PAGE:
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Mickey Gilley

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Make The World Go Away Mickey Gilley 02:46
Stand By Me Mickey Gilley 03:36
Rockin' My Life Away Mickey Gilley 03:05
Stand by Me Mickey Gilley 03:36
Room Full of Roses Mickey Gilley 02:48
Jukebox Argument Mickey Gilley 03:04
A Headache Tomorrow Mickey Gilley 03:37
You Don't Know Me Mickey Gilley 03:05
Your Memory Ain't What It Used To Be Mickey Gilley 03:14
She Reminded Me of You Mickey Gilley 03:24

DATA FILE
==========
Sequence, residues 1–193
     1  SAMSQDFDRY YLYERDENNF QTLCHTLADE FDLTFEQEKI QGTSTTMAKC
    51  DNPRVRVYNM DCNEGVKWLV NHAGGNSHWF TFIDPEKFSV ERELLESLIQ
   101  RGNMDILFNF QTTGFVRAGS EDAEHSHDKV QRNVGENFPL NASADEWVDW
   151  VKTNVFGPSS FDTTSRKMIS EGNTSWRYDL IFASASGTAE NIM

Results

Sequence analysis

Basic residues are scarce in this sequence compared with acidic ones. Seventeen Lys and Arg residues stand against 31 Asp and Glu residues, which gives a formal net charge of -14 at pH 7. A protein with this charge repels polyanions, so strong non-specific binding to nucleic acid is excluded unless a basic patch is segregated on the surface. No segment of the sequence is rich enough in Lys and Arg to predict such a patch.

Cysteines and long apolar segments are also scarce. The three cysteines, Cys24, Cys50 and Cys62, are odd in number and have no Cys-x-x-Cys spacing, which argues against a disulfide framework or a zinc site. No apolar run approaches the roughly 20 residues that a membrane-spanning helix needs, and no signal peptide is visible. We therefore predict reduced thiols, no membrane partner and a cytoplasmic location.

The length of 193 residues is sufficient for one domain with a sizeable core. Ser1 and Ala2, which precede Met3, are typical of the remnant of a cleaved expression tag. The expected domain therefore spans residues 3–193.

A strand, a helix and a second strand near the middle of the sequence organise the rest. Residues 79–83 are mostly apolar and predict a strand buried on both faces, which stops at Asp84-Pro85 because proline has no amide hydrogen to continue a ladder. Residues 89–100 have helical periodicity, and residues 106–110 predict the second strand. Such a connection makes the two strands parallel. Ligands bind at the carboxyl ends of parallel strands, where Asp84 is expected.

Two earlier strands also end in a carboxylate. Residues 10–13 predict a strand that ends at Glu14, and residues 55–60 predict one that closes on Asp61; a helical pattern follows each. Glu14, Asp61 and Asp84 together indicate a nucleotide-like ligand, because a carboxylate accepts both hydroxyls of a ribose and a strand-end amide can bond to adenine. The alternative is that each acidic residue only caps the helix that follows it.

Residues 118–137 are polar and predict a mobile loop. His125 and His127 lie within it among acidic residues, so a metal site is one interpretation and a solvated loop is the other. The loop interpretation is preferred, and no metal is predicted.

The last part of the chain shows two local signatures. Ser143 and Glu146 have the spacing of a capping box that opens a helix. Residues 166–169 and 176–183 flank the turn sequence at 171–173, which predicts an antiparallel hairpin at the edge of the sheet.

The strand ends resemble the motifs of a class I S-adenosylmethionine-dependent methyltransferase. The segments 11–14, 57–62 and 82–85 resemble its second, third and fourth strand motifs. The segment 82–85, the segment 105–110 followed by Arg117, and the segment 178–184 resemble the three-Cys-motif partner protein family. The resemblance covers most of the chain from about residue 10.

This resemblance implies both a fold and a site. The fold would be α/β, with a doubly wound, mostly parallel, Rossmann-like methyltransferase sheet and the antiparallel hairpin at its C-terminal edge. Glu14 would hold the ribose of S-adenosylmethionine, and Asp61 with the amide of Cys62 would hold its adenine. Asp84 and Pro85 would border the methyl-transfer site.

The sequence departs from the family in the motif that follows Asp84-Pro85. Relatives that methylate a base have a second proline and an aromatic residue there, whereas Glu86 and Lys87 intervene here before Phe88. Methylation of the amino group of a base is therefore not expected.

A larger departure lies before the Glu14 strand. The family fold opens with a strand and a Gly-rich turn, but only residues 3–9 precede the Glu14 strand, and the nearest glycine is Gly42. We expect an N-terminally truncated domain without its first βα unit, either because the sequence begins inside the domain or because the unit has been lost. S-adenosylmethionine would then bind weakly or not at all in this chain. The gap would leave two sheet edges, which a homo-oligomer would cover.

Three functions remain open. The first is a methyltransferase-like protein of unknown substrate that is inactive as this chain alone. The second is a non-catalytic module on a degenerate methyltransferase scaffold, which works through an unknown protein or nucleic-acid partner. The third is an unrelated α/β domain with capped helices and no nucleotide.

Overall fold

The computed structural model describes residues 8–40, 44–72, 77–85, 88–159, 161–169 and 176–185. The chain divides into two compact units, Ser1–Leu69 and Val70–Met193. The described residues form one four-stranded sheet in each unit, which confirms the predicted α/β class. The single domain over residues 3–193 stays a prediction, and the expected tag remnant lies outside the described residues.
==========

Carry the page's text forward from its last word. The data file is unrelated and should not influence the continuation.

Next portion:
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Mickey Gilley – born on March 9, 1936, in Natchez, Mississippi – was a country singer, musician, and entrepreneur who became one of the most influential country-pop crossover artists of the 1980s. Learning the basics of piano from his cousin, rock ‘n’ roll legend Jerry Lee Lewis, Mickey Gilley took his passion for music and invested all of his energy into becoming a singer and pianist. He released his first independent single, "Ooh Wee Baby,” in 1957 and followed that the following year by signing with Dot Records and releasing “Call Me Shorty.” He continued to release a series of singles throughout the first half of the 1960s, but they remained regional hits and he was unable to achieved national fame. Mickey Gilley released his debut album, Lonely Wine, in 1964. In 1968, he finally entered the Billboard Country Singles chart with “Now I Can Live Again,” which climbed to Number 68. In 1970, he opened the honky-tonk nightclub called Gilley’s. His first country music Number 1 single came six years later with the release of “Room Full of Roses” (1974) from the album of the same name. His next three singles – “I Overlooked an Orchid” (1974) “City Lights” (1974) and “Window Up Above” (1975) – also hit the top spot on the Country singles chart. He scored eleven Top 10 hits throughout the rest of the 1970s – “Don’t the Girls All Get Prettier at Closing Time” (1976) and “Bring It On Home To Me” reached Number 1 – as well as charting with a series of hit albums. In 1980, the film Urban Cowboy, which was filmed inside his Gilley’s club, became an enormous hit and Mickey Gilley’s cover of “Stand By Me” became an enormous crossover success, reaching Number 1 on the country music chart, Number 3 on Billboard’s Adult Contemporary chart, and Number 22 on the Hot 100. He continued to chart throughout the first half of the 1980s, hitting the top spot seven more times but rarely straying outside of the Top 10 until 1987. At the same time, Urban Cowboy had inspired country clubs to open all across the US with Gilley’s becoming a popular franchise. He also collaborated with several artists during this period including Charly McClain, Ray Charles, and others. The 1990s were not as successful for Mickey Gilley and his musical output slowed down. Regardless of record sales, Mickey Gilley was still a popular live act and opened the Mickey Gilley Theatre in Branson, Missouri. Mickey Gilley died on May 7, 2022, at the age of 86.